Lawson Boosts Profits Even as Economic Meltdown Bites
July 13, 2009 Timothy Prickett Morgan
It is not an easy time to be selling application software and implementation services to IT shops right now, which are hunkered down awaiting the economic storm to die down so they can get back to sailing. Lawson Software, one of the key players in the Power Systems i platform, reported its fourth quarter and year end financial results for fiscal 2009 last week, and the numbers could have been worse.
For the fourth quarter ended May 31, total revenues at Lawson dropped by 20 percent to $186.2 million, but the company was quick to point out that at constant currency (meaning, looking at deals as done in their local currencies, not brought back to the United States and converted to dollars for the official bookkeeping), sales only fell by 11 percent. In the quarter, Lawson’s software license sales fell by 19 percent to $33.6 million. Maintenance revenues, the gift that keeps on giving in the software business, accounted for $85.2 million in sales in Lawson’s Q4, down 4 percent as reported but actually up 4 percent at constant currency. Consulting revenues, thanks to the rotten economy, plummeted by 34 percent to $67.4 million as companies slammed on the spending brakes in the fiscal quarter. (Consulting fees were down 25 percent even when looking through the more rose-colored constant currency glasses.)
Having already done layoffs back in December when the economic meltdown was in full swing, Lawson started benefiting from those cuts in this quarter. Thanks to cost-cutting and lower taxes, it was able to bring $9.85 million in net income to the bottom line in fiscal Q4, which was 168 percent more than the $3.68 million it booked in the year-ago quarter.
For the full fiscal 2009 year, Lawson’s software license sales were down by 17 percent to $109.7 million, maintenance fees were up by 4 percent to $350.2 million, and consulting fees fell by 22 percent to $297.4 million. (I guess we all know now why Lawson was so keen on buying rival Intentia International. Maintenance revenue is a ballast in an economic storm.) Net income for the fiscal year rose by 38 percent to $18.9 million, which is a lot better growth than a lot of other application software companies are showing, but then again, Lawson is doing better against some pretty easy compares.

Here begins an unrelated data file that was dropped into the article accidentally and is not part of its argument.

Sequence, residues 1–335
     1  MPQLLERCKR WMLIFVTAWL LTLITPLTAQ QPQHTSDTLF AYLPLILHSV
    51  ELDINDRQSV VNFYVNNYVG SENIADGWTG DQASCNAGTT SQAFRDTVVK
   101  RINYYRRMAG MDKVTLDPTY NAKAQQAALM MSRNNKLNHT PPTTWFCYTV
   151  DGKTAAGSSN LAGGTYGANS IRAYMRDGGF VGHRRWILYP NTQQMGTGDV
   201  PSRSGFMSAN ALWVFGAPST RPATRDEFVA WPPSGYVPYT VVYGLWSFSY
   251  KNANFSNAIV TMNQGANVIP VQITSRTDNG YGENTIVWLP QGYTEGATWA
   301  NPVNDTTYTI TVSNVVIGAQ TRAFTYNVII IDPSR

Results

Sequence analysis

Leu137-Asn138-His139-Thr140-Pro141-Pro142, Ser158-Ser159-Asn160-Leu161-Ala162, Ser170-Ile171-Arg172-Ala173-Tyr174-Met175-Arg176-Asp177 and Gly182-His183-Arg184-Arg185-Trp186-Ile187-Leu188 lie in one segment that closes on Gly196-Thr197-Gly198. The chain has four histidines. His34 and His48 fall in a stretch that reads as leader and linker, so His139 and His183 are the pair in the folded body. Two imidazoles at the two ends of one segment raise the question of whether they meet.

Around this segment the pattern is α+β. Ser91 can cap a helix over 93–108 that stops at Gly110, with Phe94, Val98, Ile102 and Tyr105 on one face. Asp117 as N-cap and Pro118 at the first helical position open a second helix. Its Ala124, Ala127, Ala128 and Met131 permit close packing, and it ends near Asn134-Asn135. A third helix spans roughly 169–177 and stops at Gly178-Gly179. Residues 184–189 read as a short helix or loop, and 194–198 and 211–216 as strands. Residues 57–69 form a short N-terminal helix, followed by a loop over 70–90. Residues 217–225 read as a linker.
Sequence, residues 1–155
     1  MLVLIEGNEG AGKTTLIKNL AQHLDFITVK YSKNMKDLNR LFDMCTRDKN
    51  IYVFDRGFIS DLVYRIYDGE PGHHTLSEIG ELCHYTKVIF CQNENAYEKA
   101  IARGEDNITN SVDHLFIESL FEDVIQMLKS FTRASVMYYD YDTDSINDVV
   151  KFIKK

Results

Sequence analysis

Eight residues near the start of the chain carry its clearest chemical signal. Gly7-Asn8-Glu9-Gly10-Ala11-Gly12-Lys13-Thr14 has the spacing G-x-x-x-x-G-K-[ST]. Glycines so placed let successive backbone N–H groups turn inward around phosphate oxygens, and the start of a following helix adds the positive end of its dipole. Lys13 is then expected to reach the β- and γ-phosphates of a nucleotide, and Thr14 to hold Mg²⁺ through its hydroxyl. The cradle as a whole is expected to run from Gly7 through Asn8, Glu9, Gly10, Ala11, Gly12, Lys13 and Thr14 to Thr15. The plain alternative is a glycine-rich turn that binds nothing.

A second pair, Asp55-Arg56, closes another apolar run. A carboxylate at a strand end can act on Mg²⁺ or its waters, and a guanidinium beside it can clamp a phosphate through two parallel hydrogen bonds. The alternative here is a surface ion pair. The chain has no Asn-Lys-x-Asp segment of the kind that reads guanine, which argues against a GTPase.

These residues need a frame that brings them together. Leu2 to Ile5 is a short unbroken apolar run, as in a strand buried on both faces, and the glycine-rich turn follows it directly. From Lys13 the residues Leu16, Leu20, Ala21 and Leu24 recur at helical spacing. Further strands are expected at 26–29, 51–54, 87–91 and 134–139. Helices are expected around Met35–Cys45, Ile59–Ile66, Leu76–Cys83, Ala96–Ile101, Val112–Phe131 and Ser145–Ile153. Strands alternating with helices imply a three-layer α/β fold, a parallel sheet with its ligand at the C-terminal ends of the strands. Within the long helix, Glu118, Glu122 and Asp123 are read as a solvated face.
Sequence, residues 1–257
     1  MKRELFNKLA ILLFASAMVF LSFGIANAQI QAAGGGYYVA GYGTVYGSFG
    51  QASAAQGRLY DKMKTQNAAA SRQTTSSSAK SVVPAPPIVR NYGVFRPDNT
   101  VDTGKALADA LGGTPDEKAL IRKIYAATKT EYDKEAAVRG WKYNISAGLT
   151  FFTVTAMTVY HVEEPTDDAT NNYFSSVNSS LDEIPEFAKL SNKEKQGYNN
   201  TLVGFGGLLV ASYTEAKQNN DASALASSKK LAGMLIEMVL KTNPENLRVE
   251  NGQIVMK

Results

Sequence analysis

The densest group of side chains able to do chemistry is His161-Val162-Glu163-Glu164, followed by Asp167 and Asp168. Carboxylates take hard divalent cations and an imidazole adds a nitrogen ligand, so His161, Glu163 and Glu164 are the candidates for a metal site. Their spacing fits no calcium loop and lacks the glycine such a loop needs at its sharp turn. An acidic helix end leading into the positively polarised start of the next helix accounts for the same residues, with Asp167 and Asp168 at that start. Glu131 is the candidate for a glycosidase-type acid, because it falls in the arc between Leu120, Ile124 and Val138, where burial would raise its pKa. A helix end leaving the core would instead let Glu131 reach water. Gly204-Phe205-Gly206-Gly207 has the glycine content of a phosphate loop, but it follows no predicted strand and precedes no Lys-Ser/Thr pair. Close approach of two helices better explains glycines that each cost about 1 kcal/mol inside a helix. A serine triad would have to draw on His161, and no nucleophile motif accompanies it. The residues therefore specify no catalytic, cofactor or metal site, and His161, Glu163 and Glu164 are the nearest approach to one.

Based on currency exchange rates that were prevailing at the end of June, Lawson expects that it will have revenues of between $160 million and $165 million in its first quarter of fiscal 2010 ended on August 30, with earnings per share of between 1 cents and 3 cents, which works out to somewhere between $1.64 million and $4.92 million in net income, if Lawson doesn’t buy back a lot of its shares. In the first quarter of fiscal 2009 a year ago, Lawson had sales of $190.9 million, but lost $2.52 million. Being able to profit with such a big decline (about 15 percent at the midpoint of Q1 fiscal 2010 projections) is something that won’t make Wall Street or customers ecstatic, but both would rather have Lawson steering its way through this storm than not. Lawson has $414.8 million in cash and equivalents on hand, $279 million in deferred revenues, and $247.9 million in long-term debt.
There are worse positions to be in. For sure. But the economy is not behaving, and that’s why Lawson didn’t feel confident enough last week to provide any kind of guidance for all of fiscal 2010.